Jackson County

Do you have an idea on how to cleanup the Mississippi Sound?

Pascagoula High takes the Restore Summit challenge

Students worked out ways to filter storm runoff and help end water quality alerts in the Mississippi Sound.
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Students worked out ways to filter storm runoff and help end water quality alerts in the Mississippi Sound.

Trevor Perry, who scored 30 on his ACT, has some ideas on how to clean the water that runs off highways and yards along the Coast, before it gets into the Mississippi Sound.

And starting in January, the state wants to hear your ideas, too.

Perry was one of 20 Pascagoula High School students who took up the challenge Tuesday issued by the state Department of Environmental Quality at the state’s Restoration Summit at the Coast Coliseum and Convention Center.

MDEQ has thrown down the gauntlet and will accept all ideas on how to end water-quality alerts and the warnings that close sections of the Mississippi Sound to swimming. The challenge is to specifically address the outfalls, or drainage pipes, that allow untreated stormwater to flow into the Sound.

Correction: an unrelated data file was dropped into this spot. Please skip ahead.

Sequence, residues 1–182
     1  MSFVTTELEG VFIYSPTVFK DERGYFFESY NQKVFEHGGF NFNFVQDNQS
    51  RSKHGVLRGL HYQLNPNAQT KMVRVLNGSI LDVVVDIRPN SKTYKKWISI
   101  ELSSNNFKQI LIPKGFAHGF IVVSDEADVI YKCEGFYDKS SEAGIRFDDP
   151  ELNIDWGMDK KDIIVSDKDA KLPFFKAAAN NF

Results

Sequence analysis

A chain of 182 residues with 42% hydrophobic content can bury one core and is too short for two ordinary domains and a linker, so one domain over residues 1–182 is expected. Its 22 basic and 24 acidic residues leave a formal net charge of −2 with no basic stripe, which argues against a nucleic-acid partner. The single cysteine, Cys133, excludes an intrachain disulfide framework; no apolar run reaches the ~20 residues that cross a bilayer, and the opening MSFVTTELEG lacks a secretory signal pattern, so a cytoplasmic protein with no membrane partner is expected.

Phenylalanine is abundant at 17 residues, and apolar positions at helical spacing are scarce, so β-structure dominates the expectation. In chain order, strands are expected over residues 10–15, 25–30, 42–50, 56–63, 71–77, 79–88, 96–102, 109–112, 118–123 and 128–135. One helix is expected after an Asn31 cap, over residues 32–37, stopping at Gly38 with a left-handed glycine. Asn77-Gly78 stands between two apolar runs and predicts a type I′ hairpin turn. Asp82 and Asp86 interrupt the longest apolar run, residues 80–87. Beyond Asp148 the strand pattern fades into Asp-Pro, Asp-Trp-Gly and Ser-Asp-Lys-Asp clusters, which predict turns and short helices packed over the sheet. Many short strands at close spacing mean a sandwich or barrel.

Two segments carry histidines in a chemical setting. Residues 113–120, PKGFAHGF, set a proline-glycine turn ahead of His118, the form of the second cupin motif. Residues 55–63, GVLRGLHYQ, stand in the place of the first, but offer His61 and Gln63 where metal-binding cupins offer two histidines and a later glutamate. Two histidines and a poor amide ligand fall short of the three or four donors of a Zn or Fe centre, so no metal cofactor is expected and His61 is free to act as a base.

The challenge is open to everyone, but MDEQ will determine if applicants are eligible. After formal ideas are selected, then the state will use some of the $60 million set aside for water quality that Gov. Phil Bryant announced at Tuesday’s summit to put the designs into action. It’s a form of cleanup funded by the BP oil disaster.

Perry and his teammates came up with a system of filters to get oil and nutrients out of water that runs off the Coast. His team’s design would rely on oysters — natural filter feeders — to do some of the cleaning. Pascagoula High’s best marine and environmental science minds were divided into nine teams and came up with other ideas as well.

Why pit high school students against professional engineers?

“We want to leave no stone unturned for possible ideas,” said Marc Wyatt, director of the MDEQ Office of Restoration. “That includes residents who say, ‘I’ve known how to fix that for years.’ Now will be their chance.”

The Beach Outfalls Challenge will begin in Jan. 9 through March 15. There’s a website and Facebook page set up for registration. The ideas and designs will be vetted by a panel.

The challenge is funded by the National Fish and Wildlife Foundation’s Gulf Environmental Benefit Fund grant of $544,600 to MDEQ to improve natural resources after the Deepwater Horizon oil spill.

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